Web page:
V Berry is in my opinion the nicest variation of the V energy drinks. It does however come at a cost, it has a lower caffeine quantity. It is probably also the healthiest of the V range as it actually has some fruit juice in it (thus the reduced caffeine quantities in order to fit the juice).
Taste wise, it does still have the regular V flavour, it is quite prominent, but the added berry flavouring makes it much nicer in my opinion.
Whether this is true or not, I’m not sure, but I have heard that V Berry was intended to provide a V variation that was closer to the Red Bull flavour, and thus creating some more competition with Red Bull.
Like I said, I don’t know if that’s true, but it wouldn’t surprise me.
V Berry are currently $2.20 a can at Coles and are available individually, in 4 packs, and occasionally you find them in an 8 pack (6x V and 2x V Berry). V Berry is also available in a 35oml bottle. You can also get it at Woolworths, Aldi, Kmart, Big W, Spar, 7-11, most service stations, most other smaller food stores and many vending machines, and no doubt many more places as well.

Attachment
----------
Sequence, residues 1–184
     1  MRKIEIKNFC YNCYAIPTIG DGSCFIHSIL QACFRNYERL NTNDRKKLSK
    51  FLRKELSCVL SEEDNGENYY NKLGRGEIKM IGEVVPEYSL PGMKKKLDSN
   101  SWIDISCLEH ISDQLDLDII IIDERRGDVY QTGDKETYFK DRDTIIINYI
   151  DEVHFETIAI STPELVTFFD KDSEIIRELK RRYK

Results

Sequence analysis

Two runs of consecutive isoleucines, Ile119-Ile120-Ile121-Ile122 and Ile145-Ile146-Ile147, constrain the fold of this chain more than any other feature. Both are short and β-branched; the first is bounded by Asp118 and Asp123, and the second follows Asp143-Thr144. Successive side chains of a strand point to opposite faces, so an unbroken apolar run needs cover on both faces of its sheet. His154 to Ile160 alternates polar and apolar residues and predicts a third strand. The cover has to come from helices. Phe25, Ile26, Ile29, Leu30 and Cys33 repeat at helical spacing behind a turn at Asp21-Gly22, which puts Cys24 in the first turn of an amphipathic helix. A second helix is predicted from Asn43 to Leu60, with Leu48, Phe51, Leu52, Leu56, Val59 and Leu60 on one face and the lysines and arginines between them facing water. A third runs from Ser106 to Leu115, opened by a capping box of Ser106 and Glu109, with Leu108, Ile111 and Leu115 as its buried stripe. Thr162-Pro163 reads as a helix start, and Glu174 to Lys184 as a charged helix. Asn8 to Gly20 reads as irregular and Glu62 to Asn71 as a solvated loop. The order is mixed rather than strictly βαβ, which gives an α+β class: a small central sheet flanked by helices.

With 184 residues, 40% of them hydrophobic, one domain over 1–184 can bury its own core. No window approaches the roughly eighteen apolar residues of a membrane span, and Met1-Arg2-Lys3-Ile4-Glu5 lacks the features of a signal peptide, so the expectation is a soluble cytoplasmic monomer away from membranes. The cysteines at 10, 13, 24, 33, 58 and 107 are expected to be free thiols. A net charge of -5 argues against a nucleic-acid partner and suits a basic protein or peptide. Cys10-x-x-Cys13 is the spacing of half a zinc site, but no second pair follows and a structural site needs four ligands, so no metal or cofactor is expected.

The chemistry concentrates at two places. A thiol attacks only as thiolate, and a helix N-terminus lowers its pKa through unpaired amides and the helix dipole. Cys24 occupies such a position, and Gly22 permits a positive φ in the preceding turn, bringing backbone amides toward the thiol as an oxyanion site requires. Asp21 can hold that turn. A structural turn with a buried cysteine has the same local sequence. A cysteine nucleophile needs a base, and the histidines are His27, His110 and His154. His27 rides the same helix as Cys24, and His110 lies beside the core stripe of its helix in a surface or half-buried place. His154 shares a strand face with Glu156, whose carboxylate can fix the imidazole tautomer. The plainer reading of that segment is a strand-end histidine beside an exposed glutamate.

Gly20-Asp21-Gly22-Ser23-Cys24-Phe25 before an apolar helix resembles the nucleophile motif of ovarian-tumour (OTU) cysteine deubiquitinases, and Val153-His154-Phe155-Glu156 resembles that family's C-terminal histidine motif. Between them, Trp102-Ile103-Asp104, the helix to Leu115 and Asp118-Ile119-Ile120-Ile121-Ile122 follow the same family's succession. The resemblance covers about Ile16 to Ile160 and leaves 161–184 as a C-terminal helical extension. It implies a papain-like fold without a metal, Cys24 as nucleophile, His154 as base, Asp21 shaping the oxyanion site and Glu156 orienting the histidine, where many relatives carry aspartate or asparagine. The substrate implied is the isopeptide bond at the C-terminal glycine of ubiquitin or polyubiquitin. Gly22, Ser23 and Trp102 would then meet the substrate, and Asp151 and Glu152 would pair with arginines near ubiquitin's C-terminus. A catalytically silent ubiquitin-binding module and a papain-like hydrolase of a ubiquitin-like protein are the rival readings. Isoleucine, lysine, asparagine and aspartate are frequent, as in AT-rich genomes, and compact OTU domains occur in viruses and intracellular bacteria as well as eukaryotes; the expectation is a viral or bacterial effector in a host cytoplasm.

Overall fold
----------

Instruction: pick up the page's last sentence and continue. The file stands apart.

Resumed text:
V Berry Nutritional Information
The label indicates the following per 100ml:
V Berry has the standard warning not to drink more than 2 cans per day.
V Berry Ingredients
The ingredients according to the can are as follows:
Carbonated water, sugar, reconstituted fruit juice (apple (2.9%), blackcurrent (2.6%), raspberry (2.5%), lemon (0.3%)), acidity regulators (citric acid, sodium citrate), taurine, guarana extract (0.12%), flavours, glucuronolactone, caffeine, vitamins (niacin (B3), pantothenic acid, B6, B2, B12), ginkgo biloba extract (0.004%).
V Berry is different to the other V energy drinks in that it has fruit juices, but also with the inclusion of the ginkgo biloba extract. Ginkgo biloba can have any of 3 effects on humans, it can improve blood flow; it can protect against oxidative cell damage from free radicals; and it blocks many of the effects of platelet-activating factor (platelet aggregation, blood clotting) (Wikipedia). As Ginkgo supplements are generally taken in between 40mg and 200mg doses a day, I don’t see that the tiny amount in V Berry or any other energy drink is enough to really have any effect at all, except to say that it is there.
Drugs.com lists a multitude of adverse side effects that ginkgo biloba extract can have, including:
- heart palpitations
- GI and dermatologic reactions
- Ginkgo pollen can be strongly allergenic
- The fleshy fruit pulp may cause allergic dermatitis similar to poison ivy.
Again, I don’t think that the quantities in an energy drink would be enough to cause these side effects, but it doesn’t hurt to be aware of them
V Berry Ratings
Quantity – 250ml
Price – $2.20